That a bilingual individual is not less of a person, but in fact, that an individual is richer for having a second language and the ability to communicate with much larger audiences, needs to be recognized in United States culture today. There are many things to be gained, like not losing the closeness of family, the cultural experience of understanding music and writings in not one but two languages.

The math theory that two is more than one somehow has been lost in the language/cultural debate!

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This segment of the curriculum will include the Afro-American experience in relation to language. There will be a review on how the African culture and "voice" has influenced Latin America.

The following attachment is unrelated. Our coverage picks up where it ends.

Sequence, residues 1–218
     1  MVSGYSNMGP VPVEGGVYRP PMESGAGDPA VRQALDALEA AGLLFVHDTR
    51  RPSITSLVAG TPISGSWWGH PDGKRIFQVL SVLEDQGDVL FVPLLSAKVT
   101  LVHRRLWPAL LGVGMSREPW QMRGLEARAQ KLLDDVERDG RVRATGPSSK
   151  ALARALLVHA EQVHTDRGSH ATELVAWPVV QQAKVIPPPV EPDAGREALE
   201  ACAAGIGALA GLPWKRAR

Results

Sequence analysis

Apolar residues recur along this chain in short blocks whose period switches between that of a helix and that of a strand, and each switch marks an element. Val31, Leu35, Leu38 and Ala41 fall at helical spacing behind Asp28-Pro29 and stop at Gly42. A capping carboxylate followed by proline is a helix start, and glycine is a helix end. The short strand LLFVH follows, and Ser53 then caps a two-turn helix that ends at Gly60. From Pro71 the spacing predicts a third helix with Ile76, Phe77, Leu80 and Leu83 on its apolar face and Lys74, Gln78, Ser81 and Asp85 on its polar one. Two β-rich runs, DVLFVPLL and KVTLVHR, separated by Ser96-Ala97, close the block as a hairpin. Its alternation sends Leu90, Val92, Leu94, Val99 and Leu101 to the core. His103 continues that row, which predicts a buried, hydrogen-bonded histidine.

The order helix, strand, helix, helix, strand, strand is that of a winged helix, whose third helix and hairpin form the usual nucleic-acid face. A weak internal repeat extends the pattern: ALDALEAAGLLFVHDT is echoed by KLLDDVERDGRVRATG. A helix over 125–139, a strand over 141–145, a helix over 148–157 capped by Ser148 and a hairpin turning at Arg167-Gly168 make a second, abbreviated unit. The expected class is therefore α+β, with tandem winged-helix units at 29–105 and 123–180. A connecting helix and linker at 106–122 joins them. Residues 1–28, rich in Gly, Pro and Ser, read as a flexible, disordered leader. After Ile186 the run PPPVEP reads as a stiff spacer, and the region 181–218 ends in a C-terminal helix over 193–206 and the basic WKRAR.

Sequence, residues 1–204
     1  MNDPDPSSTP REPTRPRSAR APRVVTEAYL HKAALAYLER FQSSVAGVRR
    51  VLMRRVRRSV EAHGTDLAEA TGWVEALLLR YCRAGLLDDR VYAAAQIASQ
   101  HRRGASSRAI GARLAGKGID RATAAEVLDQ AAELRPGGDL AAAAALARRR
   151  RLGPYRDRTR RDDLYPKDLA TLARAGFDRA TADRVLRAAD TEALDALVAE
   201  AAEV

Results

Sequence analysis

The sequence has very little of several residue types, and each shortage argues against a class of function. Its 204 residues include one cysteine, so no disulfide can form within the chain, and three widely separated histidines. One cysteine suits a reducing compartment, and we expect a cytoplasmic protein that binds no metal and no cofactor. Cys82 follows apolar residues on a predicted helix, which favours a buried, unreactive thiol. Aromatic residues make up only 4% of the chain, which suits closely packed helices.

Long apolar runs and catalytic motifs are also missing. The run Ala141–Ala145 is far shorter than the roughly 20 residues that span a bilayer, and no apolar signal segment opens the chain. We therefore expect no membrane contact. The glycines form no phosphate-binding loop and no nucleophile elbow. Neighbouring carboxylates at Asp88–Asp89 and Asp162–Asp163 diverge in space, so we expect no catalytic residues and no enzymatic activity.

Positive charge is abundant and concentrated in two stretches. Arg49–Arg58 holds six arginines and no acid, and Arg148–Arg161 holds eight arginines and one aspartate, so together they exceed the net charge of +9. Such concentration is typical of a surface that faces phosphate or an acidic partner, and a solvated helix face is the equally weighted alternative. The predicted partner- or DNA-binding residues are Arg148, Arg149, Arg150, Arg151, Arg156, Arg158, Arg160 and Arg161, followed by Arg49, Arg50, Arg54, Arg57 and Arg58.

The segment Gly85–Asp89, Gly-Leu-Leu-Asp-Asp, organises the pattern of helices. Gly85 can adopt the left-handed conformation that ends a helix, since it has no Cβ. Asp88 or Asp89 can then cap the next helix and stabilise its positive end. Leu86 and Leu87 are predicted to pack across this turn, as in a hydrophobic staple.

The class will visit the Amistad monument on the New Haven Green, next to City Hall. The story will be reviewed. In addition, we will see a documentary done here in New Haven, prior to the film that was done in 1997.

The new section of this unit will be on Haiti, a Latin American country. We will review and study its development with a heavy emphasis on the culture of the African slave. A review of Haitian music and art will be presented.

The class will also be introduced to Brazil, and the importance of African rhythms introduced by the African slaves, and included up to today in the music of today. In addition, we will review other African influences in the life and culture of Brazil.

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This segment of the curriculum will include becoming familiar with maps, both the United States as well as the countries in what is called Latin America.

A. The class will be studying the Spanish-speaking people in the areas of the United States before the pioneers (immigrants) moved west, or the war with Mexico.